Blood python temperament gets a pretty bad rep in the reptile world. People call them “nasty,” “aggressive,” even “savage.” And as heavy-bodied adults with bright red coloring, they certainly look the part. But what if I told you that the blood python’s fearsome reputation was little more fact than the bogeyman?
This week’s post was written in collaboration with Chris Jensen! Jensen is a blood python breeder and collector with 7 years of experience and about 30 bloods and short-tails in his collection. He is the first to disagree with anyone labeling a blood as “aggressive” or “nasty.” His current breeding projects focus on Borneo short-tailed pythons.
What is the difference between a blood python and a short-tailed python?
Before 2001, the four species were all classified as subspecies together. Further DNA analysis revealed that they were much more different than previously thought, and they became the species that we know today: the Malaysian blood python (Python brongersmai), Bornean short python (P. breitensteini), blood python (P. curtus), and Myanmar short-tailed python (P. kyaiktiyo). However, they can be difficult to reliably distinguish from one another based on physical traits.
Both short-tailed and blood pythons have the same husbandry requirements and the same reputation for nastiness, although the Sumatran short tail is smaller and generally acknowledged as the best behaved. This article addresses all four species, referring to them generally as blood pythons for simplicity’s sake.
Not Aggressive, Just Anxious
No blood python, Jensen asserts, is truly aggressive — just suffering from severe anxiety. “Aggression” would be ramming the front of the tub as soon as it thinks a human is nearby. However, in Jensen’s experience, his most “aggressive” snakes flail around, attempting to escape, before resorting to striking. This is textbook defensive behavior, an instinctual reaction to a perceived predator. In other words, they are simply scared out of their minds.
When blood pythons’ basic needs are met, they actually have quite calm dispositions — in fact, Jensen stated that, all other factors being equal, one is more likely to find an aggressive ball python than an aggressive blood python.
That being said, however, years of misinformation have given blood pythons ample opportunity to earn their fearsome reputation. Although relatively short in length, blood pythons are incredibly muscular, earning them a heavy body, hard strikes, and powerful constricting ability. A bite from a blood is no laughing matter.
The Blood Python’s Secret
If the following three factors are met, the snake in question is most likely to turn out extremely docile:
- Appropriate husbandry
- Captive bred
- Good breeder
Blood pythons are advanced-level animals and, although the focus of this article is on their excellent dispositions, should not be attempted by inexperienced keepers.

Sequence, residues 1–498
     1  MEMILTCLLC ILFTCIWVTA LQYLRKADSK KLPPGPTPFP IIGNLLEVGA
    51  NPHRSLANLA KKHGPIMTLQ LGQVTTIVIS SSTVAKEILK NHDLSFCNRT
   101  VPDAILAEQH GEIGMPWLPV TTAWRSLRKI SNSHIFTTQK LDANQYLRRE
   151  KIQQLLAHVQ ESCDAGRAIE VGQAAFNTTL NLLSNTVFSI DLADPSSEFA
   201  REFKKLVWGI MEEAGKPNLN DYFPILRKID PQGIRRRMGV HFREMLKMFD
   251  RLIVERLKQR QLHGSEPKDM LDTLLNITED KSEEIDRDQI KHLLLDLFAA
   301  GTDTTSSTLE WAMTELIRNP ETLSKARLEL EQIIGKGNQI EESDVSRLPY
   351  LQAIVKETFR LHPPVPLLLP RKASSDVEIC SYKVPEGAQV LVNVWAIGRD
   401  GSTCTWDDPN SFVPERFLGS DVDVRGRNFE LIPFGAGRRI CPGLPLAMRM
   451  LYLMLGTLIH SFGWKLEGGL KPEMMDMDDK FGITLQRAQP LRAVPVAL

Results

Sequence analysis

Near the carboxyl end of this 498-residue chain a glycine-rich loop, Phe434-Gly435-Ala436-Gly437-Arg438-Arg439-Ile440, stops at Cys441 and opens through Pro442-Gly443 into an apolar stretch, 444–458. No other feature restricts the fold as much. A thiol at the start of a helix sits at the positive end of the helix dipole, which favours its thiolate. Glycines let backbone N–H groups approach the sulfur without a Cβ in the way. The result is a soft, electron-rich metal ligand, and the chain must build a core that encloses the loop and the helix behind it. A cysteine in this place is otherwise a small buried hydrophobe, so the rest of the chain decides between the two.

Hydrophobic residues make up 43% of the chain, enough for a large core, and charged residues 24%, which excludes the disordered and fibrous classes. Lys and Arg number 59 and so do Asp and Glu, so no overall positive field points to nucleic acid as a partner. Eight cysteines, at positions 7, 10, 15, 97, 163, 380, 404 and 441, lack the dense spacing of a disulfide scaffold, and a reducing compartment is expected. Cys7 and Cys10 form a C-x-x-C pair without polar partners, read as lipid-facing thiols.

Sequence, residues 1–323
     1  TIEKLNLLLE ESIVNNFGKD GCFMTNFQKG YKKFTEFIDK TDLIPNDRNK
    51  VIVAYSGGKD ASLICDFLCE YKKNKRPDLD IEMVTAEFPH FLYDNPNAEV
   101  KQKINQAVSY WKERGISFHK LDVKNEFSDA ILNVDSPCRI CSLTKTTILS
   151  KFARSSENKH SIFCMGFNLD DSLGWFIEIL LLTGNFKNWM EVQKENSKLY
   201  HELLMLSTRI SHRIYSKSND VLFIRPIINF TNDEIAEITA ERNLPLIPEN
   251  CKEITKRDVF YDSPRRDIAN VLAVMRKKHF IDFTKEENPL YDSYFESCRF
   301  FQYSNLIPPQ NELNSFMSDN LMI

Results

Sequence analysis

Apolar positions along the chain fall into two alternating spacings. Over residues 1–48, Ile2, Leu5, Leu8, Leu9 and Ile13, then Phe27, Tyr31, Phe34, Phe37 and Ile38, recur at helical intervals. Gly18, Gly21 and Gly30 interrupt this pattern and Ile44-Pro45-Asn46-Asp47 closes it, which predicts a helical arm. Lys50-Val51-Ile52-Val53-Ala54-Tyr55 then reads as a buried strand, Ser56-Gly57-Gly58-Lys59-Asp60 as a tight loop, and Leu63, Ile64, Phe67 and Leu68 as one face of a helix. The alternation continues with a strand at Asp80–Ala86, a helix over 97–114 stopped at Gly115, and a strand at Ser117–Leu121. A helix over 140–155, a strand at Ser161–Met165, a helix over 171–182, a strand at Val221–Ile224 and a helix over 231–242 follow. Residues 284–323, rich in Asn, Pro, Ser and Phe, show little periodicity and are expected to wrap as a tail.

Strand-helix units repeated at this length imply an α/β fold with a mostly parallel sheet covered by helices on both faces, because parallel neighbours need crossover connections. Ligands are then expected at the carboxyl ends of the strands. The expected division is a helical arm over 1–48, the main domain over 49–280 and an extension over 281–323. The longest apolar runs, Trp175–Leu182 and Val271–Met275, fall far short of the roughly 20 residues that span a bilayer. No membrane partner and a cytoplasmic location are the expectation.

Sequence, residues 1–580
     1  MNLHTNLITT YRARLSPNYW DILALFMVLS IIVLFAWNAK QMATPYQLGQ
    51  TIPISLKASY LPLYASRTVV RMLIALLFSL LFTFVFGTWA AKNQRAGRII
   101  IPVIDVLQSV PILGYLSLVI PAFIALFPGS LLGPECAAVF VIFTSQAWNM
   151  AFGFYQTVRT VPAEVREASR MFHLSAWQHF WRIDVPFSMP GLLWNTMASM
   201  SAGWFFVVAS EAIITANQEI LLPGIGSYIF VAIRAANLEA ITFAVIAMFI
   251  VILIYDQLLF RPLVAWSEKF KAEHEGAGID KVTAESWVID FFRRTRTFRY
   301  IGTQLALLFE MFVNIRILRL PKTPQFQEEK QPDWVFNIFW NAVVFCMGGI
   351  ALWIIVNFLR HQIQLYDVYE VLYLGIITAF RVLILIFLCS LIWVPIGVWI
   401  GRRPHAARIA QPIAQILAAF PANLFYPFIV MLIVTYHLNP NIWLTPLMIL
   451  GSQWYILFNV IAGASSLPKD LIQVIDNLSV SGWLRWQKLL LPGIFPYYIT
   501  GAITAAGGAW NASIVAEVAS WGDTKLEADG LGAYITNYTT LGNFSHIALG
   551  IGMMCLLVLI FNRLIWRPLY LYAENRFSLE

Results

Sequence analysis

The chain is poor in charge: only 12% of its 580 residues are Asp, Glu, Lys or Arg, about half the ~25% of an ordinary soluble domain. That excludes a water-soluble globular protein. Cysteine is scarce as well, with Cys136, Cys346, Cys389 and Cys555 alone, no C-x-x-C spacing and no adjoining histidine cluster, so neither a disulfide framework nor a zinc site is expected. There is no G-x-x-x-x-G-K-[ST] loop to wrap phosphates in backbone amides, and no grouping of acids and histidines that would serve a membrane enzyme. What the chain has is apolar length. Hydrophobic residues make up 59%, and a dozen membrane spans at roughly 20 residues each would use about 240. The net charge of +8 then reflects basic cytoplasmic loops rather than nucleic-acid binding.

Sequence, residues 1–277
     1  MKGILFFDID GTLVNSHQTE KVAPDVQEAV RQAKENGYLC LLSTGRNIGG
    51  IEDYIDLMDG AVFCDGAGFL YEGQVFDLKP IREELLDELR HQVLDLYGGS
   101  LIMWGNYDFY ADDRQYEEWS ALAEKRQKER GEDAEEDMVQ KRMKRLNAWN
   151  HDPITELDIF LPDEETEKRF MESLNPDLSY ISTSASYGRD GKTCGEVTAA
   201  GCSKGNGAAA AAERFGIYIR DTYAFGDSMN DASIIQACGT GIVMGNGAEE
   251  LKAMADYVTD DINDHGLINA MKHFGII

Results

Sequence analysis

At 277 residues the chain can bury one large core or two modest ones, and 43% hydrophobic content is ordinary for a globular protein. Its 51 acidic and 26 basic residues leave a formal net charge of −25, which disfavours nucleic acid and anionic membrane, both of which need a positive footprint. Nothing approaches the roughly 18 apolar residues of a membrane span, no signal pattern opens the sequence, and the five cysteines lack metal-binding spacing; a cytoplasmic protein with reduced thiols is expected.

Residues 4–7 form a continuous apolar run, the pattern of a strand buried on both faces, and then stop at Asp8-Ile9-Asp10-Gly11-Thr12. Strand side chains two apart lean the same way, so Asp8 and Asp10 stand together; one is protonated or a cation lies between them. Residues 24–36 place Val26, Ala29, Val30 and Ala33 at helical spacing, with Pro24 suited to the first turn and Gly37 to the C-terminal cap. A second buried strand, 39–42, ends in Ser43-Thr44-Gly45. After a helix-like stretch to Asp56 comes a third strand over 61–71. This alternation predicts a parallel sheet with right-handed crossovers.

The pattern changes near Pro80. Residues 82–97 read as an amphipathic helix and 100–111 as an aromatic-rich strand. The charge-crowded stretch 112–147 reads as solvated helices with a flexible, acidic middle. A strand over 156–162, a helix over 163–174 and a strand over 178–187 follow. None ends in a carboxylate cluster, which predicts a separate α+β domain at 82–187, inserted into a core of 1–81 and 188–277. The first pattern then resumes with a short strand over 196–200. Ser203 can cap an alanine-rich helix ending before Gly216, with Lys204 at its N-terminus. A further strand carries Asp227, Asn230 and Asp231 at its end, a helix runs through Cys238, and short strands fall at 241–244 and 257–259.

Baseline Requirements for Good Blood Python Husbandry
If you meet the following husbandry requirements, you are likely to have a happy (and therefore calm) blood python. However, this is not a care sheet and should not be used as such.
(Edited on May 4, 2021 to better align with ReptiFiles standards of excellent reptile husbandry.)
Cool temps. The quickest way to a defensive blood python is to make them hot. Blood pythons enjoy relatively cool temperatures, ideally ambient (air) temp 78-82°F (25.5-28°C). Anything over 85°F (30°C) is too hot and flips a switch, irritating even the calmest snakes.
Correct humidity. Blood python breeders are finding that these snakes seem to be healthiest at 60% average ambient humidity. This can usually be accomplished with a large water bowl and a thick layer of damp moss, depending on where you live and the enclosure you are using.
Opaque walls. Tubs are the preferred enclosure used by most blood python enthusiasts because their opaque walls create a sense of security for the snake. However, opaque-walled, front-opening terrariums such as Maximum Reptile, Animal Plastics, and Kages enclosures also work well. (Editor’s note: ReptiFiles does not recommend tub setups for housing reptiles.)
Darkness. Constant light is stressful. If the enclosure has a light source, then it must be turned off at night to create a day/night cycle for the snake’s circadian rhythm, which is part of promoting overall wellbeing. Furthermore, the snake should have a dark hiding place available to retreat to whenever needed.
Adequate ventilation. Ideally, ventilation holes should be drilled in the tub close to the substrate for ammonia (by-product of urine decomposition) to escape. Otherwise the snake may develop a respiratory infection.
Small, infrequent meals. Despite their large size, blood pythons have slow metabolisms and are prone to obesity. A 20lb adult male can be fed a large rat every 3 weeks and be perfectly happy. Even yearlings should eat every 10-14 days instead of the usual 5-7.
Patience. Blood pythons do not react well to change, so allow them at least 3-4 weeks to settle in to their new home and start eating regularly before attempting to handle.
I Want a Blood Python — Where Can I Get One CB?
The current bloods and short tails on the market are roughly 50% CB and 50% WC. Most bloods and short tails sold in pet stores and at reptile expos are WC, so avoid those if you’re in the market. The only way to make sure that you get a CB baby is through a knowledgeable, experienced breeder.
Don’t spring for the first breeder you find, as not all know their stuff. Look for a breeder with calm animals that eat regularly. This means that the breeder prioritizes solid genetics, as well as uses proper husbandry. Here are some breeders that Chris recommends:
- The Blood Cell
- Philly Herpetoculture
- Cold Blooded Earth
- Juggernaut Reptiles
- Vida Preciosa International (VPI)
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